Researchers receive seed grant to study cyber threats on digital manufacturing

4/25/2017

UNIVERSITY PARK, Pa. – A team of four Penn State researchers, including three engineers, has received a $25,000 seed grant from the Penn State Institute for CyberScience to study the effects cyber security threats have on digital manufacturing systems. 

Janis Terpenny, professor and Peter and Angel Dal Pezzo Chair and Head of the Harold and Inge Marcus Department of Industrial and Manufacturing Engineering, is the principal investigator (PI) on the eight-month project titled, “The Dark Side of Digital Innovation: Understanding Cyber Threats for Digital Manufacturing.”

“If we are successful, this project will establish a systematic framework for assessing cyber-security risks and mitigating cyber threats in digital manufacturing,” said Terpenny.

Terpenny’s co-PIs on the project are: Dazhong Wu, senior research associate in the Marcus department; Peng Liu, professor of information sciences and technology; and Timothy Simpson, Paul Morrow Professor in the Department of Mechanical and Nuclear Engineering and the Marcus department. 

Digital manufacturing – which is an integrated process of manufacturing that is centered on a computer system – has become more popular with the rise in the quantity and quality of computer systems in manufacturing plants. It allows manufacturers to produce high quality products at lower costs by incorporating new technologies such as wireless networks, the Industrial Internet of Things, big data, cloud computing and advanced robotics. 

Along with these new capabilities, however, comes the significant risk of cyber attacks to these smart manufacturing systems. 

“The goal of this project is to assess the vulnerability of digital manufacturing systems as well as introduce a strategy to mitigate targeted cyber attacks on the systems,” explained Wu.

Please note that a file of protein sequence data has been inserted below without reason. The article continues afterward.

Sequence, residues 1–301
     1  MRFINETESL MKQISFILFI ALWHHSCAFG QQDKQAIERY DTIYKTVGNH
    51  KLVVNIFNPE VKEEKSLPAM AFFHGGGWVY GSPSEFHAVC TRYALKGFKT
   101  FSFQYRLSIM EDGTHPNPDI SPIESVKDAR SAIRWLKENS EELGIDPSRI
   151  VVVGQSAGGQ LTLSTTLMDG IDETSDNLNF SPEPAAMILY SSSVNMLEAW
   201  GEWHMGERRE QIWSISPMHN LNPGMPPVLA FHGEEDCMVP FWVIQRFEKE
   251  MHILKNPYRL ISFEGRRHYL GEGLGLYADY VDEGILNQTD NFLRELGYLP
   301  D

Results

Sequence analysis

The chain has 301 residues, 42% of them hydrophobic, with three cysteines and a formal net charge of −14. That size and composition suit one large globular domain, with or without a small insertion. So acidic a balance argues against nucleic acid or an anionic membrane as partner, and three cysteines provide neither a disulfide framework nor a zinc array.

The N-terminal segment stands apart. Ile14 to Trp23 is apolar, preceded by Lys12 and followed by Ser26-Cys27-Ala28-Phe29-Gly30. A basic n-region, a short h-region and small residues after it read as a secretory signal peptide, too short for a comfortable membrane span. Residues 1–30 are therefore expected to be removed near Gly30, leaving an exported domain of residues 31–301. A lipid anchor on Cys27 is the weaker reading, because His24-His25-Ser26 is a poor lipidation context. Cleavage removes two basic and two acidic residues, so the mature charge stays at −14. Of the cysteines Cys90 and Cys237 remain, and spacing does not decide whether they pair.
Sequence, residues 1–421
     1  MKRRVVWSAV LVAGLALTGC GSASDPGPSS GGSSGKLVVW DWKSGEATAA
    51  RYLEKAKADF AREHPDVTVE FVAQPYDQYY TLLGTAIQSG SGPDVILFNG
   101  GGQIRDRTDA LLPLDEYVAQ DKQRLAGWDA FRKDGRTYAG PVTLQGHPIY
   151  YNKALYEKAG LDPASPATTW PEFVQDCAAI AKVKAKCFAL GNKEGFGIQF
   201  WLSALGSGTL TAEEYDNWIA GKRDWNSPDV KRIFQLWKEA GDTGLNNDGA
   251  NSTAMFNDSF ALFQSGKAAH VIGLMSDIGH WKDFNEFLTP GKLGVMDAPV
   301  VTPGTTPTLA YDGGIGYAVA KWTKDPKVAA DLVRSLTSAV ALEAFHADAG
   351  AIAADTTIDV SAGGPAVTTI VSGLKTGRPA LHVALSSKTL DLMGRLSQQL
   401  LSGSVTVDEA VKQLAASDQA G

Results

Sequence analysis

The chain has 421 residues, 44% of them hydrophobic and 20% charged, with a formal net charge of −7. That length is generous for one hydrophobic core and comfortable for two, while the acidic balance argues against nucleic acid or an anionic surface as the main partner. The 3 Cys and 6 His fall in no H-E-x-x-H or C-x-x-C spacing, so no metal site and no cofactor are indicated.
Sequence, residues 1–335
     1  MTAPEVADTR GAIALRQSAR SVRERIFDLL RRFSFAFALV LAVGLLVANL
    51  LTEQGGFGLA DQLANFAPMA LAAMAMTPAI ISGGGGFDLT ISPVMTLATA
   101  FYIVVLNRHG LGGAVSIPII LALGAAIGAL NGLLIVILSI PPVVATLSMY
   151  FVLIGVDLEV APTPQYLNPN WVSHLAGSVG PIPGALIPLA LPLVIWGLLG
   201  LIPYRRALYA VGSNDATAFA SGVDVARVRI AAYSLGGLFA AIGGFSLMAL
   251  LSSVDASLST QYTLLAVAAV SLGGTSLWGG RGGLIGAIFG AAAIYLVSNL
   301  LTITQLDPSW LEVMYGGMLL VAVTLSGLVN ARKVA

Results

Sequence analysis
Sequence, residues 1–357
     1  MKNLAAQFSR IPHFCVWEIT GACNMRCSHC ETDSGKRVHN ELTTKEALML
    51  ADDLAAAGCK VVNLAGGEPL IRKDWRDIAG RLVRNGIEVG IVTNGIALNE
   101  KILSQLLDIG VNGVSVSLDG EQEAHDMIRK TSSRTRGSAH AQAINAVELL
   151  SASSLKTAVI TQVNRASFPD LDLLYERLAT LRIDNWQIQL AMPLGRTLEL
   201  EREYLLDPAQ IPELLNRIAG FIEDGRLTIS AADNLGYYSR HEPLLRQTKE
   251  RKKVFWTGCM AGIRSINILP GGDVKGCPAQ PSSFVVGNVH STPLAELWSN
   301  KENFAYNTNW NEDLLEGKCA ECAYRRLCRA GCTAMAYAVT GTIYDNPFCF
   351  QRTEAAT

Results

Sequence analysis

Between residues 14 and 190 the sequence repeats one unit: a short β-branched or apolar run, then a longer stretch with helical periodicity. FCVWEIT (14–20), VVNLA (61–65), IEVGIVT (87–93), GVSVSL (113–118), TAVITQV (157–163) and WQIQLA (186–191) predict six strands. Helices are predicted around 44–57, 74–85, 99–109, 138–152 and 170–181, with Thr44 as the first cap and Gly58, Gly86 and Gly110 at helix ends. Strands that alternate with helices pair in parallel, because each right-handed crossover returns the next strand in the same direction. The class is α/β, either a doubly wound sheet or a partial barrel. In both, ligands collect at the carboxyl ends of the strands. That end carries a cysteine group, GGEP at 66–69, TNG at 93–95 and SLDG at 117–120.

The researchers will be looking to identify anomalies in cloud-based manufacturing systems by monitoring manufacturing processes through the use of sensors. Supervised and unsupervised machine learning techniques will be used to detect atypical conditions in the manufacturing processes and a determination will be made between abnormal issues caused by cyber-attacks and those caused by typical mechanical failures.

In order to demonstrate the cyber security strategy, a metal additive manufacturing system, which is largely cloud-based, will be used as an application example. 

After the seed grant research is completed, the researchers anticipate submitting a proposal to the National Science Foundation Cyber-Manufacturing program.

The Institute for CyberScience is one of the five interdisciplinary research institutes under the Office of the Vice President for Research, and is dedicated to supporting cyber-enabled research across the disciplines. ICS builds an active community of researchers using computational methods in a wide range of fields through co-hiring of tenure-track faculty, providing seed funding for ambitious computational research projects, and offering access to high-performance computing resources through its Advanced CyberInfrastructure. 

Of the 33 proposals submitted to the Institute for CyberScience this year, 20 were selected for funding. This represents a major increase over the 2016 ICS Seed Grant Program, where six projects were funded. More on the 2017-funded projects can be found here.

 

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Pamela Krewson Wertz

pmk128@psu.edu

“The goal of this project is to assess the vulnerability of digital manufacturing systems as well as introduce a strategy to mitigate targeted cyber attacks on the systems." 

 
 

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Home of the first established industrial engineering program in the world, the Harold and Inge Marcus Department of Industrial and Manufacturing Engineering (IME) at Penn State has made a name for itself in the engineering industry through its storied tradition of unparalleled excellence and innovation in research, education, and outreach.

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